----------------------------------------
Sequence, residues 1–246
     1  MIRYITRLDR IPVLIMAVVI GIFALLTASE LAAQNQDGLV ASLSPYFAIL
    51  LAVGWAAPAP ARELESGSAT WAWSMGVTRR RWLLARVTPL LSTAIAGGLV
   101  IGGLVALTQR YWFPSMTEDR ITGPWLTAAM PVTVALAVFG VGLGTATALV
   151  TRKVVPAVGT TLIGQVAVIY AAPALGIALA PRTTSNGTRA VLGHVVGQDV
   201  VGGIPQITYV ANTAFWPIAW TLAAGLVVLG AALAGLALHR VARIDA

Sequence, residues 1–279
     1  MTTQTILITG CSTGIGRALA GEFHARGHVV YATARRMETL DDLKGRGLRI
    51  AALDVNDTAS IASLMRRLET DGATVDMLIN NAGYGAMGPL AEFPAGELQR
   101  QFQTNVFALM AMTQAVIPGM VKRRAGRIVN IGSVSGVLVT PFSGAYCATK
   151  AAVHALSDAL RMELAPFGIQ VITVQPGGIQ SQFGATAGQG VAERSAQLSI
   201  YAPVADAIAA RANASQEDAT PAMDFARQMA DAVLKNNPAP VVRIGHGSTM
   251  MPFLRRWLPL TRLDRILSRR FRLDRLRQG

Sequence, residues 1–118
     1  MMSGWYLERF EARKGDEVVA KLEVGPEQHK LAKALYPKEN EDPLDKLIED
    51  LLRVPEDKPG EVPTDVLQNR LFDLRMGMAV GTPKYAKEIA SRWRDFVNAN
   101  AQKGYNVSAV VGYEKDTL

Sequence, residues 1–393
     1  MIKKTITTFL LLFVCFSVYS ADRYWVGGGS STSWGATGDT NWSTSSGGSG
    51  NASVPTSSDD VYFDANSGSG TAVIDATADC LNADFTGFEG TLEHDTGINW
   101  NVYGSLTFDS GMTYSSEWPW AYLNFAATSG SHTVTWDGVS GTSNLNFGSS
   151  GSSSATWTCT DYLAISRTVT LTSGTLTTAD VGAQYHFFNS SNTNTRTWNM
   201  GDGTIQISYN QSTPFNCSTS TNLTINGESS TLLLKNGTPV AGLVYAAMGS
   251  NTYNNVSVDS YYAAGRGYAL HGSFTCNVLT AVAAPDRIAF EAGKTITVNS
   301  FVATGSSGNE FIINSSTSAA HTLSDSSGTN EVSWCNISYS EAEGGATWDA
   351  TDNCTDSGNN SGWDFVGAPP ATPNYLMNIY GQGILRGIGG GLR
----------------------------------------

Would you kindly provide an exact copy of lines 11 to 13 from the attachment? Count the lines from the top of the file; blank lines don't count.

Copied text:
   151  AAVHALSDAL RMELAPFGIQ VITVQPGGIQ SQFGATAGQG VAERSAQLSI
   201  YAPVADAIAA RANASQEDAT PAMDFARQMA DAVLKNNPAP VVRIGHGSTM
   251  MPFLRRWLPL TRLDRILSRR FRLDRLRQG